RAMPANT theft and vandalism of electricity infrastructure is expected to drop after Cabinet approved the Electricity Amendment Bill, which has deterrent measures for would-be offenders.
An option of a fine has been removed while stiffer and mandatory sentences would now be imposed on anyone caught in the act.
Theft and vandalism of Zesa infrastructure especially electricity power cable theft are on the increase, leaving most parts of the country without power and continues to cost the economy millions of dollars in lost production hours every year.
In 2021, Zesa recorded 1 237 cases of theft and vandalism resulting in huge losses of revenue, which could have been used for development.
However, in a bid to curb theft, Cabinet has passed the Electricity Amendment Bill, which has deterrent measures.
“The Bill introduces stiffer penalties for the abstraction or diversion of electricity or the use of such electricity knowing that it was illegally abstracted or diverted.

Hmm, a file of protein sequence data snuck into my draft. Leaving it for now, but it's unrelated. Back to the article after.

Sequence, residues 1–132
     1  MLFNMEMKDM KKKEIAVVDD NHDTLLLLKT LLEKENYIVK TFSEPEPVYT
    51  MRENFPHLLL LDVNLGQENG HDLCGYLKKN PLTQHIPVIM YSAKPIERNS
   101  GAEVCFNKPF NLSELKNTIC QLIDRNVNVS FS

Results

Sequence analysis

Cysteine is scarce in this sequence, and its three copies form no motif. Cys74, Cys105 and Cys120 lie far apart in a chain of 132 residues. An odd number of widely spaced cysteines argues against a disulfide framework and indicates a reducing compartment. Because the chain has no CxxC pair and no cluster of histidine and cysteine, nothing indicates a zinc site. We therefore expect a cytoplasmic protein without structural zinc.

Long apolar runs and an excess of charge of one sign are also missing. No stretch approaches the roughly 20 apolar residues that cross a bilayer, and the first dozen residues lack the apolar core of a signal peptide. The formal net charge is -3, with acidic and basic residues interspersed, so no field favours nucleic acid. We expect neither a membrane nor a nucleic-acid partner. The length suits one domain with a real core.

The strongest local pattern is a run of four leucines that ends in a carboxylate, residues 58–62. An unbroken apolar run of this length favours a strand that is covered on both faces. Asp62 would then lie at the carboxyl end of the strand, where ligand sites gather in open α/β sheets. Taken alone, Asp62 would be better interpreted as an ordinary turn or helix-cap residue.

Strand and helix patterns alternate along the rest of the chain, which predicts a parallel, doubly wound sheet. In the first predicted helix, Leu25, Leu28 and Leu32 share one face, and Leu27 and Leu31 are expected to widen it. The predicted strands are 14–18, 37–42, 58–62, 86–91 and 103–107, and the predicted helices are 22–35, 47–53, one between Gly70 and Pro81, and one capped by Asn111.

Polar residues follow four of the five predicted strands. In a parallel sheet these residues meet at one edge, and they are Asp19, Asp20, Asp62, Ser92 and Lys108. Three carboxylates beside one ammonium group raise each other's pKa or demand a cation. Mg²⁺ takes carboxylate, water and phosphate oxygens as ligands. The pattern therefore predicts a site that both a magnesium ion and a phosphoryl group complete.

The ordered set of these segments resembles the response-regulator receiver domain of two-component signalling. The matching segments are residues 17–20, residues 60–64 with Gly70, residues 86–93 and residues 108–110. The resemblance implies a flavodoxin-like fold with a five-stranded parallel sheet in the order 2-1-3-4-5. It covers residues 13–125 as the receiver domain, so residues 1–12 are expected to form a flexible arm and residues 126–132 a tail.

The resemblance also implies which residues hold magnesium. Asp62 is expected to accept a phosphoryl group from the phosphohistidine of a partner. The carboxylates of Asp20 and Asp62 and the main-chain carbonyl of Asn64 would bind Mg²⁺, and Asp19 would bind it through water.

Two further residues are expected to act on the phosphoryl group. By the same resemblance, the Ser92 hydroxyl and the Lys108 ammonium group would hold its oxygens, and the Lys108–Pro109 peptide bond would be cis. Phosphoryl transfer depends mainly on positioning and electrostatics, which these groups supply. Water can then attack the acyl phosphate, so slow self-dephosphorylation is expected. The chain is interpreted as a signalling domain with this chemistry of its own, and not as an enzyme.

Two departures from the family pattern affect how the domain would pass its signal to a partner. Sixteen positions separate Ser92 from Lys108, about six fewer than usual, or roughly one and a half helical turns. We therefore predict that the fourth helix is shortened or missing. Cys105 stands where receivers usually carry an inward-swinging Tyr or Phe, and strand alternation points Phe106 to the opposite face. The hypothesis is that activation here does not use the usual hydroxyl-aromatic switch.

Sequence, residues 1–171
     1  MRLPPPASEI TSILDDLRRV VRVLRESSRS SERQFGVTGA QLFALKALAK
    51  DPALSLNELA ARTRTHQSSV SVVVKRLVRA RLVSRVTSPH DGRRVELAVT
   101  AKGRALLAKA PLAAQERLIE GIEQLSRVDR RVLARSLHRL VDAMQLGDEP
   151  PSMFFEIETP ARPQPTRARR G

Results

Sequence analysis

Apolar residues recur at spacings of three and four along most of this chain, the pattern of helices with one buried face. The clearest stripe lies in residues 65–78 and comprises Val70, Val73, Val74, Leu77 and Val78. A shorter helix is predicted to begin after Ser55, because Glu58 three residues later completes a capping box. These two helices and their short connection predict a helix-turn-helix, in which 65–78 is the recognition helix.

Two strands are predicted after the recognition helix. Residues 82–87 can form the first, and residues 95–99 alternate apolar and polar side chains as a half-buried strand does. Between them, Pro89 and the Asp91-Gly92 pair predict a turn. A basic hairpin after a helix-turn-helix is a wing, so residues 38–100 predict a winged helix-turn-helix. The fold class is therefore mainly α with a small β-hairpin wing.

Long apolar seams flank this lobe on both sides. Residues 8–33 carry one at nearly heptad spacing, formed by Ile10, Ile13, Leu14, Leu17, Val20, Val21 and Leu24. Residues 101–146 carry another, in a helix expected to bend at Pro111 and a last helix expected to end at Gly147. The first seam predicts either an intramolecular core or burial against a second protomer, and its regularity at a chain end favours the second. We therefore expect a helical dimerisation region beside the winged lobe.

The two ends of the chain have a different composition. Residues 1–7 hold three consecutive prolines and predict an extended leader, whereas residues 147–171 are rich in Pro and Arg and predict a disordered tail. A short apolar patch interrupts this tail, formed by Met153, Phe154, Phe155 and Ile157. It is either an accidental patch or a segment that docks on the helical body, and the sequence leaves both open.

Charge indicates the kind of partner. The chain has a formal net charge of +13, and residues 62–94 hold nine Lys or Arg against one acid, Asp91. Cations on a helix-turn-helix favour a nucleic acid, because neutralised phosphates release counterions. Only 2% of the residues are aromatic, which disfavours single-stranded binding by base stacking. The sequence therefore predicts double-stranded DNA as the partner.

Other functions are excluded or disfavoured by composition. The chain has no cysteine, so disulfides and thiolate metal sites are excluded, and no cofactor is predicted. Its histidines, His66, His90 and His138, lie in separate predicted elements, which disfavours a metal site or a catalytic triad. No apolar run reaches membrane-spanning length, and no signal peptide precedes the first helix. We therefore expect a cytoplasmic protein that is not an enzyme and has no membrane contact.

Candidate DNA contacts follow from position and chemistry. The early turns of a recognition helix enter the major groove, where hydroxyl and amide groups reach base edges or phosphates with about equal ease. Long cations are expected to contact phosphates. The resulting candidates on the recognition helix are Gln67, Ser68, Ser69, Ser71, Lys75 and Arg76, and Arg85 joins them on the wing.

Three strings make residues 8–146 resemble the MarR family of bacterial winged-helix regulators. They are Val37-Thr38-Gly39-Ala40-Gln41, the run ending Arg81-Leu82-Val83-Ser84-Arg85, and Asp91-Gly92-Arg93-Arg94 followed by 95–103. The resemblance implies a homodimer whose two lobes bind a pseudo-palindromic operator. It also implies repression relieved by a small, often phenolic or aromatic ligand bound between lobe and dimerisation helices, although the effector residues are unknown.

“The Bill will also removes the option of a fine where one is convicted of the crime,” Information, Publicity and Broadcasting Services Minister Monica Mutsvangwa said in her post-Cabinet briefing on Tuesday.
The Zimbabwe Electricity Transmission and Distribution Company, periodically warns the public against tampering with prepaid electricity meters and illegal power connections.
“Furthermore, the Bill introduces stiffer penalties for the transportation of material used in connection with the generation, transmission, distribution or supply of electricity without the option of a fine,” said Minister Mutsvangwa.
Recently, residents in Bulawayo’s eastern suburbs resorted to hiring security guards to patrol at night in a bid to stop electricity cable thefts.
In suburbs such as Kingsdale, Famona, Hillcrest and Hillside, residents have been living in the dark following theft of cables.